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Restaurant Industry Predictions For 2022

The way consumers have interacted with restaurants and how restaurants operate has radically changed over the past two years. The pandemic set the restaurant industry back in many ways, but also propelled it forward in terms of gaining technological advancements. Restaurants will continue to face uncontrollable external factors this year, but will find themselves more prepared to adapt as necessary. Analyzing current restaurant industry demographics, here are 10 predictions for the restaurant industry in 2022: 

Regaining Financial Recovery

The COVID-19 pandemic put restaurants through extreme financial turmoil all throughout 2020 and 2021. In 2020 alone, it is estimated that over 110,000 food and drink establishments permanently closed. The title of a Time.com article said it best, “Most Restaurants Fail. COVID-19 Made the Odds Even Worse”.

As we enter the third year of the pandemic, restaurant businesses have had the time and opportunity to incorporate contactless tech and streamlined delivery to create a safer dining experience. A recent survey found that 63 percent of Americans now feel comfortable eating at a restaurant. Now that restaurants have adapted to meet diner demands for off-premise orders and safety measures for dining-in, revenues should increase this year.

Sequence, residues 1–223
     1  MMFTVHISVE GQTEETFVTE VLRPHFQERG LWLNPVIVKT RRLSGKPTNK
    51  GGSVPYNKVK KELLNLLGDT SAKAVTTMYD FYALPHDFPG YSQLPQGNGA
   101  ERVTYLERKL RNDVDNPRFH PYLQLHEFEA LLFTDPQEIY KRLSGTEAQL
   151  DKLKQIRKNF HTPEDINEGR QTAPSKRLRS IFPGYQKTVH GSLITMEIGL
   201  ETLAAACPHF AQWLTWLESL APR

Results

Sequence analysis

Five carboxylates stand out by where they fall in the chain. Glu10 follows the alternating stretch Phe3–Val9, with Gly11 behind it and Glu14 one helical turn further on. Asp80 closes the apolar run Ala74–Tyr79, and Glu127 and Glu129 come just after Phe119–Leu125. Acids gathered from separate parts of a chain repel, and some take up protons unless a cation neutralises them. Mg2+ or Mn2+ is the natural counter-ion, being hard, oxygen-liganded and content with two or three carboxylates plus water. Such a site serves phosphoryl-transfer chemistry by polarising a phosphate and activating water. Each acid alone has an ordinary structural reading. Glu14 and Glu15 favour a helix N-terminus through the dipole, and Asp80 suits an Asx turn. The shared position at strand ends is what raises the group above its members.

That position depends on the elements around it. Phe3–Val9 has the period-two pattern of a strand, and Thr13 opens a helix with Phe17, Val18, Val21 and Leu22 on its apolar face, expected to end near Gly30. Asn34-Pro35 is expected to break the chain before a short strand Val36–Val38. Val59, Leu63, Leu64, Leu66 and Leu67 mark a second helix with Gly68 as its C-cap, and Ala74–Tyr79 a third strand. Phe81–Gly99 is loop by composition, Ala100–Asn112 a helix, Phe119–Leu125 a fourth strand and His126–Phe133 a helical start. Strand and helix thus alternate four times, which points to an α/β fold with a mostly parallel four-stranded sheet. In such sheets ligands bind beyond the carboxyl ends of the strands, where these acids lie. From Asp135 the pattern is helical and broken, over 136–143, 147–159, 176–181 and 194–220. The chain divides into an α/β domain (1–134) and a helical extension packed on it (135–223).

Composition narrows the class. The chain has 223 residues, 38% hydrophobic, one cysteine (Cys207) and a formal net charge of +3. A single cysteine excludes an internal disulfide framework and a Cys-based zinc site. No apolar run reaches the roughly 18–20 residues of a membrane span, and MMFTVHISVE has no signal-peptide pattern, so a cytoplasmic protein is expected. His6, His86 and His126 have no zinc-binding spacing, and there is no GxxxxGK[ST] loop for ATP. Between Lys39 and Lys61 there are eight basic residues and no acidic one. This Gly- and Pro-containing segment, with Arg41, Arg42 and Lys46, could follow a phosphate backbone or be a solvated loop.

Breakdown of closed restaurants by market – powered by BrizoFoodMetrics [January 2022]
Comparison of restaurants using delivery services – Closed vs. Open – powered by BrizoFoodMetrics [January 2022]


Although the road to financial recovery will be slow for many establishments, especially independently owned restaurants, those that have been able to adapt to the “new normal” should start to experience less financial strain in 2022. 

Ghost Kitchen Space Will Continue to Expand While Addressing Past Mistakes

Although established brick-and-mortar restaurants struggled due to the pandemic, virtual kitchens have had an explosive past few years. In 2019, the ghost kitchen industry was valued at $40 billion USD, and in 2030, the value is expected to hit $1 trillion USD. Even as consumers return to indoor dining, ordering food online from delivery-only concepts has become a habit, especially amongst millennials. Adopting ghost kitchen brands is an opportunity for existing local and independently owned restaurants to maximize their operational capacity and take advantage of slow hours (as well as times periods such as early morning and late-night where they might not be open).

Despite the success of ghost kitchens, there are still lessons to be learned in this still nascent industry. Reef Technologies frequently found itself in legal trouble due to violations and operating without permits; the company announced recently that it would be shutting down 95 units

With ghost kitchens comes a lack of transparency. Although this is not necessarily purposeful, consumers can have a difficult time connecting with and trusting restaurant concepts they have never been to in-person before. 

In 2022, ghost kitchens will need to learn from these previous mistakes to continue to expand and increase revenues. 

Contact-Free is Here to Stay